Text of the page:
Flash in the Pan
A Quarterly Posting at Tiny Lights
Dropping Like Flies
by Maggie Manning
Is it just me or does spring come earlier each year? We live in the country and so, perhaps, the signs are clearer, but still. Who can fail to notice that the temperature hasn't fallen below zero for several winters now? Can others still remember when - not that long ago - we would occasionally have a light snowfall in early May? Does anyone still tell that tired joke about the seasons here: that we have two of ‘em, winter and the fourth of July? What the hell is going on?
Of course, we know what's going on. We just choose not to acknowledge it. If we keep our heads buried in the sand - watching the ironically labeled "reality TV," staring at Facebook for hours on end, spending like there's no tomorrow - well, then, we don't have time to take up the issue of our survival as a species.
Does the expression "fiddling while Rome burns" mean anything anymore? I don't want to be a downer, but hey, folks, it's the only world we've got! And no, my name isn't Cassandra; I just can't help but pay attention to signs of imminent doom. I seem unable to distract myself from the evidence all around me. You know: the shorter winters, the lack of Artic icepack, the dying animals, the displaced populations, the strange and extreme weather. I wish it weren't so, but reality sucks. Let's face it: We're on a runaway train to oblivion and no one's in the engine room. The guy in the caboose is madly waving a red flag - danger, danger! - but no one can see him. Or, if they do, they choose to ignore him.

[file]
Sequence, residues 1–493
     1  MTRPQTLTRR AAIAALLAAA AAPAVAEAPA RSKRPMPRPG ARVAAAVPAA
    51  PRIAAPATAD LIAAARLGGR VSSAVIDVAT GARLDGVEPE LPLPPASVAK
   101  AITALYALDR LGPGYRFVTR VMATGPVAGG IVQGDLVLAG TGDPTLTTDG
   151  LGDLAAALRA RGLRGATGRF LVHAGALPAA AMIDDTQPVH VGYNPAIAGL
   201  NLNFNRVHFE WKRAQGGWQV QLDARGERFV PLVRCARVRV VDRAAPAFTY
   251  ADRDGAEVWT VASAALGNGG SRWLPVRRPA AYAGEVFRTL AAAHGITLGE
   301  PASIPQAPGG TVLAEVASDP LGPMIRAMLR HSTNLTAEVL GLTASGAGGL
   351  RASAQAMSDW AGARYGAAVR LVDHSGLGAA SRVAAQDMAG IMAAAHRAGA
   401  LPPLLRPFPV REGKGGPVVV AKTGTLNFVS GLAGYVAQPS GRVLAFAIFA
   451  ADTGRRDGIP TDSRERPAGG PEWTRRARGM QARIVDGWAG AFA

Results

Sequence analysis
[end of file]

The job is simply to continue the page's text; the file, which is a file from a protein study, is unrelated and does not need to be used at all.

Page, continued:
The flies are dropping on the dining room table, lured out of hibernation by the early-March warmth, and we're not far behind. Can you say "apocalypse now"? Will we wake up before it's too late? Perhaps it already is. We have learned to live separate from and oblivious to the natural world, and so have sealed our fate. I remember reading a commentary in a local paper one particularly rainy spring: Maybe it's good for the farmers, the letter writer wrote, but I hate it! Hmmm. I wonder who's growing the food he eats. I wonder if he drinks water to stay alive. Are we that far from the very source of life? In just a couple of generations, do we live life at such a disconnect that we don't even know what we need to keep us alive?
I'm afraid we do and so we will continue to extinguish the earth that sustains us. Although those of us living lives of privilege in the Western world are most culpable, we're all in this together and we'll all go down together. All of us who drive, who use electricity, who buy cheap food grown through the miracles of pesticides and irrigation; all who, that is, use up the earth's finite resources - all of us are responsible. Mea culpa, mea culpa, mea maxima culpa.
Maggie Manning is the pen name of a writer living in Geneseo, NY.
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